• Louisville & Nashville R.R. Co. v. Mottley, US (1908): Couple bringing federal suit against railroad for specific performance of contract granting free rides. RR stopped giving free rides after Congress passed a statute outlawing it. Complaint did not allege federal law, merely presumed it as defense. Not well-pleaded.
      • Mixed cases:
        • If the state tort law standard of liability is affected by a claim that federal regulatory standards have been violated, then federal issues are a necessary part of the plaintiff’s prima facie case.
        • Merrell Dow Pharmaceutical v. Thumpson, US (1986):
          • “We […] conclude that the congressional determination that there should be no federal remedy for the violation of this federal statute is tantamount to a congressional conclusion that the presence of a claimed violation of the statute as an element of a state cause of action is insufficiently ‘substantial’ to confer federal-question jurisdiction.”
          • Supreme Court “can always review the decision of a federal issue in a state cause of action.”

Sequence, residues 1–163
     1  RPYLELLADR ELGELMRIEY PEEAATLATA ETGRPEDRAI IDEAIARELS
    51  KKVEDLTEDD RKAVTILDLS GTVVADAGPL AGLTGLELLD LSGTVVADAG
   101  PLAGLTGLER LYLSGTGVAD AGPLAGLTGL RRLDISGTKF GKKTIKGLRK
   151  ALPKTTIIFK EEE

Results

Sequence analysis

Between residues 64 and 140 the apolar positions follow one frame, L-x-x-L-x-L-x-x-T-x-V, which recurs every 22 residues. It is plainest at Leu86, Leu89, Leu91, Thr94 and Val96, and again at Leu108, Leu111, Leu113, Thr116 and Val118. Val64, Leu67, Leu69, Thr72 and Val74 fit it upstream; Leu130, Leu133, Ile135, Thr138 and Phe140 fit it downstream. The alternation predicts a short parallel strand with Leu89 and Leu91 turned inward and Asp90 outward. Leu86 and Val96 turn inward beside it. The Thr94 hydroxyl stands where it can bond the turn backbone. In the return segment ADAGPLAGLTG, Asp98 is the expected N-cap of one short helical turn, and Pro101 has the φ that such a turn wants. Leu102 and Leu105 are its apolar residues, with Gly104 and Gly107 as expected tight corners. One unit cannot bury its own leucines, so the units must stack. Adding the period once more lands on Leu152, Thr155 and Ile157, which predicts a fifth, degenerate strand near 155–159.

• Grable & Sons Metal Products, Inc v. Darue Engineering & Mfg., US (2005):
          • Case turns basically entirely on dispute over aspect of federal tax law (no private right of action).
          • The “state law claim [must] necessarily raise a stated law issue, actually disputed and substantial which a federal forum may entertain without disturbing any congressionally approved balance of federal and state judicial responsibilities.”
          • “Merrell Dow should be read in its entirety as treating the absence of a federal private right of action as evidence relevant to, but not dispositive of, the ‘sensitive judgmenets about congressional intent’ that §1331 requires.”
          • “[T]he national interest in providing a federal forum for federal tax litigation is sufficiently substantial to support the exercise of federal question jurisdiction over the disputed issue on removal, which would not distort any division of labor between the state and federal courts.”
      • Private rights of action:
        • Alexander v. Sandoval, US (2001): Very high threshold for finding implied right of action. Title VI has no private right of action:
          • Private right is irrelevant unless there is also a private remedy.
          • If a statute focuses on regulatory authority “rather than the individuals protected [it] create[s] no implication of an intent to confer rights on a particular class of persons.”
          • Where a statute provides for one method of enforcement expressly, courts must conclude that “Congress intended to preclude others.”

 

  • Supplemental jurisdiction
    • Gives federal courts subject-matter jurisdiction when they normally would not have it.
    • Pendant claim jurisdiction common law: